41. avatarscott says:

    Bank of America? Something wrong with that name, why don’t they man up and name it appropriately. Bank of Mexic0/USSR!!!! Don’t ever give up your guns to these commies, and those of you told to take our guns? Follow the constitution, not some tyrant named Benghazi Bo!!!

  42. avatarscott says:

    Bank of A just rec’d big earmark cash via the latest bills for the hurricane and debt ceiling. How much you wanna bet their were stipulations (backdoor of course) that they do things like this?? I want to tell you all that I am CERTAIN about what happened in Benghazi. Very simple, very evil. Hitlery and the Commie-in-Chief know well in advance, that an attack was immitent in Benghazi. Instead of bolstering security, then do the opposite. It was their plan to allow this attack. Just like taking our guns, they have the bulls-eye on FREEDON OF SPEECH. Letting this attack happen, allowed them to blame this video they had heard about. Blaming this video is exactly what they did in the name of FREE SPEECH demanding Google to TAKE THAT VIDEO DOWN!! The lives and deaths of AMERICANS are inconsequential in the sick and twisted plans of these elitist PROGRESSIVES. Remember, the end justifies the means and any crisis must not go to waste!! And if there is no crisis?? Create one!!!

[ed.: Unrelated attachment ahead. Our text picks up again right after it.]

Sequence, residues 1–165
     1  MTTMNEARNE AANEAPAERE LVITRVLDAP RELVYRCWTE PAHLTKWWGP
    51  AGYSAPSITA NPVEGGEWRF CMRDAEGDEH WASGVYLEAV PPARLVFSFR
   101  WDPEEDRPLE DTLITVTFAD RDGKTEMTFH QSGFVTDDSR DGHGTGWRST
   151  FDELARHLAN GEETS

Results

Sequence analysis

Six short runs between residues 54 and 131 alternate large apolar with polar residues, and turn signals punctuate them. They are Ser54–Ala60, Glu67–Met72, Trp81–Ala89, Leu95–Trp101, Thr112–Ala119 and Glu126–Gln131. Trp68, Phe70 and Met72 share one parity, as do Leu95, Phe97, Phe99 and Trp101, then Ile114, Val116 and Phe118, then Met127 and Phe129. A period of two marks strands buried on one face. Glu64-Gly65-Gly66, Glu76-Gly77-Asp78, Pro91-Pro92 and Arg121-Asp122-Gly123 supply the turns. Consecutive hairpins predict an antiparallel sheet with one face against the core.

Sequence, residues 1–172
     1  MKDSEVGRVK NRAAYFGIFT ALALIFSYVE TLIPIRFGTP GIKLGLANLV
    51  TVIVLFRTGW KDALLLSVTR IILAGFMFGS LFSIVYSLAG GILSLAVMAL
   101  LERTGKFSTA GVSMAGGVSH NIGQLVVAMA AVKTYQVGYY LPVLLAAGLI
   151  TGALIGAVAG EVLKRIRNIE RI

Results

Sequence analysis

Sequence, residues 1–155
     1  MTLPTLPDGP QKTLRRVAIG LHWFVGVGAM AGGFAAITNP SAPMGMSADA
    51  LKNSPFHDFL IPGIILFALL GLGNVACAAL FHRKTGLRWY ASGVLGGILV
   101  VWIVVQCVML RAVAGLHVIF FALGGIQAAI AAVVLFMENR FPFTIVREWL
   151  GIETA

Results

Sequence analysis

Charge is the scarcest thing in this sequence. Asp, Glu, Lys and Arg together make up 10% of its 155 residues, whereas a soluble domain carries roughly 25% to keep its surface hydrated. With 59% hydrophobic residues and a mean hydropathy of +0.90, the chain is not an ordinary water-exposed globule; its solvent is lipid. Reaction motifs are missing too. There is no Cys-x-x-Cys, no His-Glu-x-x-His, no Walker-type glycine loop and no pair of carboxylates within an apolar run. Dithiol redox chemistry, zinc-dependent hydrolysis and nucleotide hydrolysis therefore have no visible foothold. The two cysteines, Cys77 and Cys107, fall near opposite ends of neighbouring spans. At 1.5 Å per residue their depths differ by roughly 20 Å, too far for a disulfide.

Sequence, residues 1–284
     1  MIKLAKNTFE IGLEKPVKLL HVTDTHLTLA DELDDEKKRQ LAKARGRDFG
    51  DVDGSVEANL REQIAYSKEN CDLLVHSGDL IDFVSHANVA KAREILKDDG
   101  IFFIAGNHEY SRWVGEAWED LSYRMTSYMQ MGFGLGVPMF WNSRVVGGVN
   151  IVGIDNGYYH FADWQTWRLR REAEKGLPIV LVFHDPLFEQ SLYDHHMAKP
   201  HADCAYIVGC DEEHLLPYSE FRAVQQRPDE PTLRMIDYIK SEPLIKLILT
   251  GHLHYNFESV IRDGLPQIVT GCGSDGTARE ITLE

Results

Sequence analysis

43. avatarBruce L. says:

    I’m a VP at Bank of America (BOFA) and have had first hand experience with how they treat their customers. I’ve been in banking for about 20 years now and have worked for some of the larger banks and currently work for BOFA. Bank of America, JP Morgan Chase, US Bank, Citibank, Wells Fargo and just about every major financial institution is guilty of being anti gun. They don’t lend to FFL dealers and they don’t lend to churches. Both reasons are the same, it would be a PR nightmare if the bank had to foreclose on a church or if one of their customers was reported in the news for selling a firearm to someone who caused mass murder. This is the same reason why the private equity firm Cerberus is putting Bushmaster (Freedom Group) on sale. After the Sandy Hook school shootings everybody is doing everything that they can to stay out of the spotlight. The bank is like any other business. They are doing their best to keep their stock holders happy and they are trying to make a profit. The bank is a for profit entity that needs to make money. It can’t make money if their customers feel like they are contributing to the delinquency of the nation.